For instance, let me give you an example of how a government policy decision to withdraw and replace almost 86% of its currency that’s in circulation overnight resulted in probably one of the biggest and fastest adoption of digital mode of payments across a billion population. It’s probably a rare, once in a lifetime experience for anyone to suddenly have no cash in hand or get to terms that the cash they have will soon be defunct and to rely entirely on online modes of payment for at least two months or stand in line outside an ATM like this. Now imagine how a nation that has more than 60% of its population in rural areas with hardly any suitable payment infrastructure and one that is heavily dependent on cash coped with such a change. Even though the chances of a similar move happening in a developed country like Canada or US is next to none, this move showed me what works and what doesn’t when there is an effort to change the behaviour patterns of a consumer, especially in paying for something.
There was hardly enough education or infrastructure readily available to cope up with this massive change but somehow, surprisingly, a billion people could not just embrace it but leapfrog current technologies like credit and debit entirely. I saw roadside vendors put up signs that they are accepting PayTM, a mobile wallet in India that enables vendors to collect money from customers while giving them the ability to debit/credit the money to their bank accounts. Months before this move, the federal government announced a facility to link up bank accounts and Aadhar card, something which is akin to Social Security Number (SSN) and Social Insurance Number (SIN) in US and Canada, respectively. This enabled people to make payments using their Aadhar number while authenticating a transaction using their fingerprint. India leapfrogged not just years but decades of technology and sometimes such big changes needed some hard measures and it worked, mostly. I say mostly because without enough infrastructure and education, people would usually go back to their old habits like some of my countrymen are currently doing by using cash as the primary mode of payment even when they could continue using more latest, secure and reliable modes of payments. Maybe it’s the ease of use that makes cash still the fastest way of paying for something. Now ‘ease of use’ depends on lot of factors and what stage of payment you take into account (pre, in process and post payment stages are usually what makes up of a payment lifecycle). But cash has a certain different mojo to it and I see how and why it always comes back to use. However, for the benefit of our society and for our responsibilities within this society, I believe each one of us should embrace modes of payment that are easily tracked, monitored and serviceable.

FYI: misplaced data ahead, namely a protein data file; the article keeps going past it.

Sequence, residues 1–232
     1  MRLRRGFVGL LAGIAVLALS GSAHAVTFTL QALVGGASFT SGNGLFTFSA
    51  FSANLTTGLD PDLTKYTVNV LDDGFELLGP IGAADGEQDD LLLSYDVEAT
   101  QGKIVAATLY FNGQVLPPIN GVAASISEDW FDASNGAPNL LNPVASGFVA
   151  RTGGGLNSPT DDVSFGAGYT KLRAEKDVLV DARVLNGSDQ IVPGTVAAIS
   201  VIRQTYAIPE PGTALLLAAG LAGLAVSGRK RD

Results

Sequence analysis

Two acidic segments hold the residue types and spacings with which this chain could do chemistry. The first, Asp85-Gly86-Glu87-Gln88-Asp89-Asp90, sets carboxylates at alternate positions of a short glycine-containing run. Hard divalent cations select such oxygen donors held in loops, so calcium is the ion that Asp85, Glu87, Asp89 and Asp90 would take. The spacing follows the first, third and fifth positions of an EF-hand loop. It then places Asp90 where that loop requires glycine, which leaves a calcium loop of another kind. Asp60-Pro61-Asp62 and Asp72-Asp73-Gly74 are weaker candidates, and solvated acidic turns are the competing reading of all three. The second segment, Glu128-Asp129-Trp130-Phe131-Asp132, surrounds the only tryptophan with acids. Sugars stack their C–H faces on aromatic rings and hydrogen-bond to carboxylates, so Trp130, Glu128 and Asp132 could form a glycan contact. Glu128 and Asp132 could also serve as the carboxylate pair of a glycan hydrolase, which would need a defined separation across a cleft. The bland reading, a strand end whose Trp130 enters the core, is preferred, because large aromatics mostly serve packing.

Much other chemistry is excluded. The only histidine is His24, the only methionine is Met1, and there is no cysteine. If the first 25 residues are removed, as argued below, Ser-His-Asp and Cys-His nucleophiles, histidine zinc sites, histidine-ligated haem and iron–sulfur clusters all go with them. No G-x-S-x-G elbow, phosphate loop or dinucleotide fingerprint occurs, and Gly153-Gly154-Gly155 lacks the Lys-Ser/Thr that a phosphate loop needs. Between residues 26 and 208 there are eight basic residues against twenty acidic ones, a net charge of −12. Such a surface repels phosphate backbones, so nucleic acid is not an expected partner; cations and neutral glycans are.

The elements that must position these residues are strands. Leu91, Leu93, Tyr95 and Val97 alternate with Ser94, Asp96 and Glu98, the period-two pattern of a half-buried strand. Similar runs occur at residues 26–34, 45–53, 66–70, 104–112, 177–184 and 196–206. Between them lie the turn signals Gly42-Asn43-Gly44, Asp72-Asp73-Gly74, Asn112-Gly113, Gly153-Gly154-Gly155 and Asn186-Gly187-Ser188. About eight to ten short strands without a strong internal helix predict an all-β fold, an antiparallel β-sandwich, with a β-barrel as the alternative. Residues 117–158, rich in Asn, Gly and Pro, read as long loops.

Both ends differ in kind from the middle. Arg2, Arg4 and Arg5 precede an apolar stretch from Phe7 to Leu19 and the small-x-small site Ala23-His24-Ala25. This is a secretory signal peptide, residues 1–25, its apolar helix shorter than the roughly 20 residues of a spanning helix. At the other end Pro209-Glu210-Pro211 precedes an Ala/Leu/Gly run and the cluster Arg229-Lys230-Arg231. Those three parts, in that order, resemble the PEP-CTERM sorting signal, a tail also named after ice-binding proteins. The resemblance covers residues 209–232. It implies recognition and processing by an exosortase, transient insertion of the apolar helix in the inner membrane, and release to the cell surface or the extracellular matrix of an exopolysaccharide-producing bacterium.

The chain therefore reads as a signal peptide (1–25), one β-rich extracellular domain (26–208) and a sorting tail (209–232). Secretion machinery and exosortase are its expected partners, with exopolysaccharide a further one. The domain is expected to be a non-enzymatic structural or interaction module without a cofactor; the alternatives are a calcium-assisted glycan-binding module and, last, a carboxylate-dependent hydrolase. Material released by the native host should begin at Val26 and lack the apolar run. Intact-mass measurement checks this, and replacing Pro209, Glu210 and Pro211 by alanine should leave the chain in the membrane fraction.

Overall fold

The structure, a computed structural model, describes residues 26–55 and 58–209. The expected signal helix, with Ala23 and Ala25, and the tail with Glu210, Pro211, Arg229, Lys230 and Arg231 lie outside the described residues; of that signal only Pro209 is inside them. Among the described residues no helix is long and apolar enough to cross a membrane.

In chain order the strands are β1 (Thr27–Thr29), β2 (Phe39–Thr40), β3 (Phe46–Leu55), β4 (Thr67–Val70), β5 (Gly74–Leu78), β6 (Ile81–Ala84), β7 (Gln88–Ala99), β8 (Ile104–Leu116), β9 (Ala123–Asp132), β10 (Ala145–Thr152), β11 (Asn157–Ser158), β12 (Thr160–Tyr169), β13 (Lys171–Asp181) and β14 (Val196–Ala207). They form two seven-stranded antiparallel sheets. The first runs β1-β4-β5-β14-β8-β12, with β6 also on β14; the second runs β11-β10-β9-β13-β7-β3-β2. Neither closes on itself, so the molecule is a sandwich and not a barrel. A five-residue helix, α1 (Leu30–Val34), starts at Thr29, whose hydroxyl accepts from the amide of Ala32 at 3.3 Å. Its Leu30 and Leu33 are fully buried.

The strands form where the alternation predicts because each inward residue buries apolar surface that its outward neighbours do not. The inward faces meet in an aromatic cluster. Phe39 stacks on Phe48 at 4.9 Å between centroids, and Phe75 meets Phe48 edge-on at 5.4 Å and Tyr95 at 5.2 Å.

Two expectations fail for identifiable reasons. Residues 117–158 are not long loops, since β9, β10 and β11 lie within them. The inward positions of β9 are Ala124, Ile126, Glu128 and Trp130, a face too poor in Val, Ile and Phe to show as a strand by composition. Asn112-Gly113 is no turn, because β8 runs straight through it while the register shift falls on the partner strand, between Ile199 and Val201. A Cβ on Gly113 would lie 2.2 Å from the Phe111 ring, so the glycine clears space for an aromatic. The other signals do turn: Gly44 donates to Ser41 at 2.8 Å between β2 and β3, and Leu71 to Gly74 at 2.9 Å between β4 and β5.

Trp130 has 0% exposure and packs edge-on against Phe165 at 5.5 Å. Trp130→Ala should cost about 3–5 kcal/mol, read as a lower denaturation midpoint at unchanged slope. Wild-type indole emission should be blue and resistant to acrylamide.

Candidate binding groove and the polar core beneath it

This is where I believe voice assisted payments has an extra leg over current payment modes as I believe each one of our voices has a unique signature and tone to it and one that would be tough to replicate, especially when used in combination with our fingerprints. Also, the ease of use with which one can potentially make a payment by initiating a transaction with a voice assistant, which will soon be used almost as ubiquitously as a smartphone is right now, is much more appealing than tapping a smartphone/smartwatch on a POS terminal or scanning a QR code or entering unique IDs like Aadhar or SIN. Furthermore, seeing how Alexa from Amazon, Google Now from Google and Siri from Apple are slowly becoming active in most of our daily yet simple tasks like checking the weather, getting directions, making appointments and playing our favourite music, I wouldn’t be so surprised if one day we might completely shut our phones away and use ‘specialist’ devices that cater to only certain niche tasks like making a payment with your smartwatch while authenticating the transaction with your heartbeat and voice on AirPods or asking Siri on your tablet to engage with a customer service bot to track your recent order on Amazon and getting a gentle tap reminder on your Apple Watch when its nearby or having your Facebook/Instagram news feed on your Snapchat Spectacles with your iris and voice as authentication factors, all powered by voice assistants at the core of them. In simpler terms, imagine a world where all our smart devices, be it tablets, smartwatches, smart glasses, smart earphones or smart jewellery, all powered by a single voice assistant that gets things done for you replacing the need for you to do it. Oh wait! We already live (kind of) in that world. Soon, smartphones will not just shrink but entirely disappear. We are in that transition phase and once voice assistants and AI powering them become strong enough to work consistently, securely and accurately across multiple form factors, we might not need smartphones at all. If I’m right, voice assistants are going to be the next big thing that will entirely change not just how we make payments but also the internet space in total like smartphones did in 2007 and the inter connectivity of devices using smart technologies with voice assistants at the heart of them powering it all will be the real Internet of Things (IoT) that people talk about. We are not so far from that future guys! We already saw this in the movie Her and if you haven’t seen it yet, please go watch our future right now!